[This reading is from Aaron Maternowski, Database Administrator, University of Wisconsin-Green Bay. He is a MOR program alum. Aaron may be reached at firstname.lastname@example.org.]
When I think back on my leadership journey, the main point that floats to the top is change. One of the first articles I read for my first MOR workshop talked about how leaders direct change. Everything I’ve learned, talked about, and practiced had to do with change.
In MOR we’ve talked about creating and breaking habits. Literally changing my behaviors and practicing to strengthen behaviors. Then Strategic Thinking. This is making a plan for change. Then navigating cultures and creating momentum for change. Then interpersonal behaviors. Identifying who I am and who I want to be, and the changes I want to make to become that person.
Things are always changing. Sometimes it’s little changes that we just accept and move on. Sometimes it’s a divisive national election and the changes it may lead to, regardless of the outcome. Or a worldwide pandemic that changes almost everything. Leaders are there through all of it. Whether it’s deciding what changes are best and directing everyone towards it, or dealing with the fallout and getting everyone out to the other side.
As I think back over my career, there was a time I especially enjoyed working. I realize now that it was because I was a leader. I understood the systems and how they all interacted. I was invited to all the planning meetings when opportunities arose. I knew everyone in all the departments and all levels. I served on various committees. I used to think it was because I was good at problem solving and good at writing code. I understand now it was because I was invested in improvement and helping wherever I could.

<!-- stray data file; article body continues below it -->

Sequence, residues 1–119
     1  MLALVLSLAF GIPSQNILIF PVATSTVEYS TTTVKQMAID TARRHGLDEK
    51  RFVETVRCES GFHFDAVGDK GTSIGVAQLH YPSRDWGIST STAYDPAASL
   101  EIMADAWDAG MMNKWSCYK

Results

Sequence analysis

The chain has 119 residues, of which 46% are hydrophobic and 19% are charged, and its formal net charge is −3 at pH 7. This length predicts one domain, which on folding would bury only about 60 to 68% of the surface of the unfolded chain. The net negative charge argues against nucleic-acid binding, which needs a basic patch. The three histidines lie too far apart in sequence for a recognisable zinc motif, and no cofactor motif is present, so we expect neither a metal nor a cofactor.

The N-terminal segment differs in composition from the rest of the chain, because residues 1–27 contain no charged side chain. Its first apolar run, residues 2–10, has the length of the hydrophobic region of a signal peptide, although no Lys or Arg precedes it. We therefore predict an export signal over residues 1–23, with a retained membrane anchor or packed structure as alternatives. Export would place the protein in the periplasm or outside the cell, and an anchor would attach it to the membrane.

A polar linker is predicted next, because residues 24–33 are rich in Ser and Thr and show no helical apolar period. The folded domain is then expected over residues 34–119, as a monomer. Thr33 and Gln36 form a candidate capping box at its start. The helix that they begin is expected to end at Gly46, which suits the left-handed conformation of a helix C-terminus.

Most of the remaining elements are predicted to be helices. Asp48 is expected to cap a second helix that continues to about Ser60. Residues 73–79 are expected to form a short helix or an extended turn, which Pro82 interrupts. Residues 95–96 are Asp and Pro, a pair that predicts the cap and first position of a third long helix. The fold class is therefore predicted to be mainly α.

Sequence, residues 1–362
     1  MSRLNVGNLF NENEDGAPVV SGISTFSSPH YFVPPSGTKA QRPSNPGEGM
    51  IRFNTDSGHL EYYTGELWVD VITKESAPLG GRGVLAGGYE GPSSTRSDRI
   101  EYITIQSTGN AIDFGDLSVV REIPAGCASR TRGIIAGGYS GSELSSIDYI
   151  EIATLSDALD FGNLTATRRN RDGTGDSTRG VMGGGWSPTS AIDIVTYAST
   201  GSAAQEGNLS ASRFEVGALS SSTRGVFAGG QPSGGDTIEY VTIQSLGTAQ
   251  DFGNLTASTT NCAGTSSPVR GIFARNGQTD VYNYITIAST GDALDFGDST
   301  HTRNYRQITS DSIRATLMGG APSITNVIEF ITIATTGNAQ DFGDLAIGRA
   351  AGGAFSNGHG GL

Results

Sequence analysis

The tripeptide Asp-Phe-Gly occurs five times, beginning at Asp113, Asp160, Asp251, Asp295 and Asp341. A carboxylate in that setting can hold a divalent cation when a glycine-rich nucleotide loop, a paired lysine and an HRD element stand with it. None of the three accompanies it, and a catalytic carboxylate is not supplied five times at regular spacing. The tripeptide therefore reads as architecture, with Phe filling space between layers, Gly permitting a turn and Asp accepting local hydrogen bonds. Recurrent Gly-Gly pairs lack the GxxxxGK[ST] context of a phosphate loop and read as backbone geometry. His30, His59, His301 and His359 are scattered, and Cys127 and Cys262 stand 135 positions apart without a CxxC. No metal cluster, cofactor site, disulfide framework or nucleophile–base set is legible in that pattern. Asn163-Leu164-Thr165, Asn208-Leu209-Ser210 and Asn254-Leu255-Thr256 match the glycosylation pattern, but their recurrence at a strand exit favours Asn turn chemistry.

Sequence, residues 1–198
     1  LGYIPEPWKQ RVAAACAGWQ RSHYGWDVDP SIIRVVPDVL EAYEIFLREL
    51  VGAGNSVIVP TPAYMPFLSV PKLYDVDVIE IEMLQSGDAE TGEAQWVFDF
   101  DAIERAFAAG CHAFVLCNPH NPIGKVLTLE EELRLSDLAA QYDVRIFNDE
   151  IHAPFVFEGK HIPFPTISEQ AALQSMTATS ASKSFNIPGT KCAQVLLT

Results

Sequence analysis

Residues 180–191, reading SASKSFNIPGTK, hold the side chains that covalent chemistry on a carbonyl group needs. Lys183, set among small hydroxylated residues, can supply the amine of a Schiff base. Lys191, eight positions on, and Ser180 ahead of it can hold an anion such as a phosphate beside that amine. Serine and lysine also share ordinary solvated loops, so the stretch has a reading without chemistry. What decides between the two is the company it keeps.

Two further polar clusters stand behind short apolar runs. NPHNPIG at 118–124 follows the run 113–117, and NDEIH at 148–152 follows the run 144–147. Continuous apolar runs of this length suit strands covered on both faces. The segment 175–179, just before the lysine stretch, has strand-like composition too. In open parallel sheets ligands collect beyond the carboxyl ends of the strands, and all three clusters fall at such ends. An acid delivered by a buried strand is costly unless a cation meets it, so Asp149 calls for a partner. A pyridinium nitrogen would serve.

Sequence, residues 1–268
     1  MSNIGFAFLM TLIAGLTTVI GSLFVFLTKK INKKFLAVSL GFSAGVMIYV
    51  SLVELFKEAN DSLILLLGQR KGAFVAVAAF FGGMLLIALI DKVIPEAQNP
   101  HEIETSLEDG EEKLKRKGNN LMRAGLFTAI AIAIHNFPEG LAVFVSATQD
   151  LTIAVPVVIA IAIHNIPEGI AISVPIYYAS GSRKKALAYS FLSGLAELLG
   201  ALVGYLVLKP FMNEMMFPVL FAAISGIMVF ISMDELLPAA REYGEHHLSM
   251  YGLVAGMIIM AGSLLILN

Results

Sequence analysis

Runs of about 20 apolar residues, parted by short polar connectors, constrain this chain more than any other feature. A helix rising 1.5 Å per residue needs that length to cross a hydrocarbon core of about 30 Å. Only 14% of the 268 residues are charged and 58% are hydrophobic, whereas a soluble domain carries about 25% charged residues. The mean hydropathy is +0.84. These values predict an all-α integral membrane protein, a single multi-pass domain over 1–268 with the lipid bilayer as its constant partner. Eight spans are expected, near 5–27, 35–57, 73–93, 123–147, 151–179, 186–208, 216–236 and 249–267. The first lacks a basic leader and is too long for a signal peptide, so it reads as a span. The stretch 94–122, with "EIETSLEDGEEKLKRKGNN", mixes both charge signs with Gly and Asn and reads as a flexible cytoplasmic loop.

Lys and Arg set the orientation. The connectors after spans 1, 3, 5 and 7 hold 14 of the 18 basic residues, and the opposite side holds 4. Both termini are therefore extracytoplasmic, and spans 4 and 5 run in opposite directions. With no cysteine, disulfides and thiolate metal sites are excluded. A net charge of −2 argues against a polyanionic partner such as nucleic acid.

When I changed jobs, I carried some of that with me in helping people, but I was isolated from most of the company in my new position. I became used to not talking to everyone. I became accustomed to people coming to me if they needed my help. I brought all those behaviors with me to the university.
I still help wherever I can, but to really be a leader I need to be more involved. I have taken steps to serve on committees. This will help me to meet more people and gain a better understanding of the university outside of the technical view I have in my office.
During quarantine I’ve taken changes I thought about and put them into action. I started practicing the guitar, something I always wanted to do. I began learning video special effects and editing. I’ve been learning Scottish Gaelic. I replaced the broken kitchen faucet we’ve been dealing with for a couple years. We’ve been cleaning the house in small sections at a time.
At the dojo, I’ve helped to shape how we do online classes. Setting up technology for sensei to use. Teaching classes online, having to adapt my teaching style (try teaching someone how to choke a person without having anyone to demonstrate on). Creating materials for kids to train at home on their own.
Some words on change from some of my leadership heroes.
Progress is impossible without change. -Walt Disney
Resisting change is resisting life. “The meaning of life is to be lived.” - Bruce Lee (extended version of this quote)
Change can be scary or it can be exciting, the choice is mine.
This reflection was featured in a MOR Tuesday Reading of Alumni reflections on leading change in changing times.